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“Going out tonight? Drinking culture should be a question, not an expectation”. The Miami
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Knepp, Sarah. “A hard day’s night: student prefer day drinking”. The Miami Student. The
Miami Student.com. 21 October. 2014. Web. 01 April. 2015.
NIAAA. “College Drinking”. National Institute on Alcohol Abuse and Alcoholism. College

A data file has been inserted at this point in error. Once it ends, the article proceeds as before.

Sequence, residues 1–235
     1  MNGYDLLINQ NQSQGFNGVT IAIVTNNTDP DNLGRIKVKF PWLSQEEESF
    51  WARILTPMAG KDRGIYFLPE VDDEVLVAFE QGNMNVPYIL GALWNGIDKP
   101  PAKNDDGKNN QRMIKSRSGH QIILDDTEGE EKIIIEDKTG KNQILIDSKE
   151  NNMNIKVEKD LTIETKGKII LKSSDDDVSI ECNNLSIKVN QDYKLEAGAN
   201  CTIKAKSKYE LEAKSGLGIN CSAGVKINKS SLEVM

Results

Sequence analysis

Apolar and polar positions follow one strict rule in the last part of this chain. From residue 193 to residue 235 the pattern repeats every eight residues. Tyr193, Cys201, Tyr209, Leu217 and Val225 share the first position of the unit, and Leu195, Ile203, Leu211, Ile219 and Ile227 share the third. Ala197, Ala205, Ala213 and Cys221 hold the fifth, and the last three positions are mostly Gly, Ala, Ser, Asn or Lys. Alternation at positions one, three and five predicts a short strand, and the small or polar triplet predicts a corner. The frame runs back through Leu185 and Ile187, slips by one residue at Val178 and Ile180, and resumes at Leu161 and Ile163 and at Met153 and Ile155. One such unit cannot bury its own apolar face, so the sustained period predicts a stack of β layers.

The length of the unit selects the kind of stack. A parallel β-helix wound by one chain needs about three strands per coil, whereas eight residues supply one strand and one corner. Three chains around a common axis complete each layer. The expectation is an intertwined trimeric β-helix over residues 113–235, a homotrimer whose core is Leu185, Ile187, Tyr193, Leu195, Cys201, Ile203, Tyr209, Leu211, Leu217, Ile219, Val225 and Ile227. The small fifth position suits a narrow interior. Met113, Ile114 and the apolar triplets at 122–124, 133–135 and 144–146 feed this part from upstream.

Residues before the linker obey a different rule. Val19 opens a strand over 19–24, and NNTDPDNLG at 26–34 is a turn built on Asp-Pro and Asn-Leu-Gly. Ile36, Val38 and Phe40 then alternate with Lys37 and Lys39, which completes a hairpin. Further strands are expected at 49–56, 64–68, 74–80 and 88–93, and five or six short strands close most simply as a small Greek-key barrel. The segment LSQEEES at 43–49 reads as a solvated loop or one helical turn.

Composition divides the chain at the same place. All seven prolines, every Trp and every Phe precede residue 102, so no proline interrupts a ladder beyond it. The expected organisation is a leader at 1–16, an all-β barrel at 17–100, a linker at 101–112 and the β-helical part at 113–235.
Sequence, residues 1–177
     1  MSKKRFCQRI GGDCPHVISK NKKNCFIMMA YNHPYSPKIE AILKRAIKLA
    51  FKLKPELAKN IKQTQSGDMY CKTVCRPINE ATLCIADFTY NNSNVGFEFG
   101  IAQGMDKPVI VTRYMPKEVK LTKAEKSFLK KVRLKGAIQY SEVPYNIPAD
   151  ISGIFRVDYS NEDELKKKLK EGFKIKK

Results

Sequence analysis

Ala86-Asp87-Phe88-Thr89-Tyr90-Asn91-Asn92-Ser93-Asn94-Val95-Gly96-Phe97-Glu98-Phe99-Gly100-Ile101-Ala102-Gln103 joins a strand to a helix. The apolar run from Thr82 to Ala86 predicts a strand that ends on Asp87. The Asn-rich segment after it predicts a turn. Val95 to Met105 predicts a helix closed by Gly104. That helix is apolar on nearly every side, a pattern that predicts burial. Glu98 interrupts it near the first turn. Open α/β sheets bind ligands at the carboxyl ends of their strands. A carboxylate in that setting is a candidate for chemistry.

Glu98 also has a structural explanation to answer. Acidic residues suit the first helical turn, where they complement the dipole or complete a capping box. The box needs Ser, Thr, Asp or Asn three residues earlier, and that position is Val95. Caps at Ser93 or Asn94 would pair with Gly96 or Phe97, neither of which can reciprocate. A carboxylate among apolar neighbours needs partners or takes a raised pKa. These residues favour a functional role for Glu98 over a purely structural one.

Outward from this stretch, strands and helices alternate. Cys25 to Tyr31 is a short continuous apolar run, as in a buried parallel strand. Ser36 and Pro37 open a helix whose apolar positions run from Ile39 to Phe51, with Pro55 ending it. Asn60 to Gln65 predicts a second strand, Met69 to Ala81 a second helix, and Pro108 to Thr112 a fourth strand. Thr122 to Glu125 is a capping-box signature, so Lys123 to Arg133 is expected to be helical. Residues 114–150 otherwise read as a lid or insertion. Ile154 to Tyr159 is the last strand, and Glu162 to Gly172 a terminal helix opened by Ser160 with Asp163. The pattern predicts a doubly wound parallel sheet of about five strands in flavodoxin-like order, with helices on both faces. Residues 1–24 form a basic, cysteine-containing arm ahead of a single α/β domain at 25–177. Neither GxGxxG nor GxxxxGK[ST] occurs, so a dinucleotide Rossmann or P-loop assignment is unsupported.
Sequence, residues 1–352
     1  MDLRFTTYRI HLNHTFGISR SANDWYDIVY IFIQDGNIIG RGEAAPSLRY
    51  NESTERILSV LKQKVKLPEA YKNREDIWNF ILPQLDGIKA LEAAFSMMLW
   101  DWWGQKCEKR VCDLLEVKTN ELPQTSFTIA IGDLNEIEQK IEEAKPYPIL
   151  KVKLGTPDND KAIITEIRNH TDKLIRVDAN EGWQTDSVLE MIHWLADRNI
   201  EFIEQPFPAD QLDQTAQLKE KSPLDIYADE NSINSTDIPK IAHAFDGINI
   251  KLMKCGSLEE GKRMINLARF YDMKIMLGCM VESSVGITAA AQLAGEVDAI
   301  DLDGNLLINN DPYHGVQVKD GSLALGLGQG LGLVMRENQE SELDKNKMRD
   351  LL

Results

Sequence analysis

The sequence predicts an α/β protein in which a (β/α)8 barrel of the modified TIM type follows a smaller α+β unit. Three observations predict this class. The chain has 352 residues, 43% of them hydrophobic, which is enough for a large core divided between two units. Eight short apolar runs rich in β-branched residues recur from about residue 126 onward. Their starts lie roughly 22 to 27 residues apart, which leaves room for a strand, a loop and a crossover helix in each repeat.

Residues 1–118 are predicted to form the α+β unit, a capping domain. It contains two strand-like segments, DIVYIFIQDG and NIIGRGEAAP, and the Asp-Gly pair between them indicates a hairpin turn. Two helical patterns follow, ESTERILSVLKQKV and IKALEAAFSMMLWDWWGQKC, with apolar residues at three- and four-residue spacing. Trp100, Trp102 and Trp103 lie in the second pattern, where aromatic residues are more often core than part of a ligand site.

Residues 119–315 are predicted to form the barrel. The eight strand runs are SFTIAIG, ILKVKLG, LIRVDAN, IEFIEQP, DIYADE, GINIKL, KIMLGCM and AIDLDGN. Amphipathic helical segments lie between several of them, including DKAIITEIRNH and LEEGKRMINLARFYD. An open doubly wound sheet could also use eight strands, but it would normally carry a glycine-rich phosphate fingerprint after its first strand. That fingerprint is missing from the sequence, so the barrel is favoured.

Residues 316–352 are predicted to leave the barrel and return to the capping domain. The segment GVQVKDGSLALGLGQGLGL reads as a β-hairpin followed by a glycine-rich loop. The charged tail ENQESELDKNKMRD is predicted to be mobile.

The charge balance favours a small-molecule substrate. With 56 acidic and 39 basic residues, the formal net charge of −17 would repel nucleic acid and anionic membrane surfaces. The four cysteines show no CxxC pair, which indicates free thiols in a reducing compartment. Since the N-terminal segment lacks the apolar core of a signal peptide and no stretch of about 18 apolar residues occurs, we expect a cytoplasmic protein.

Drinking Prevention.gov. July 2015. Web. 26 March. 2015.
Osterloh, Elizabeth. Personal Interview. 07 April. 2015.
Schroeder, Ellie. “Joke Issue: Penn bans hard alcohol following new policies at Dartmouth,
Brown”. The Daily Pennsylvanian. The Daily Pennsylvanian.com. 25 March. 2015. Web. 01 April. 2015.
Wester, Amelia. “Bars entice students with drink challenges”. The Miami Student. The
Miami student.com. 31 August. 2012. Web. 26 March. 2015.
Wood, Maddie. “Students examine local bars’ influence on drinking culture”. The Miami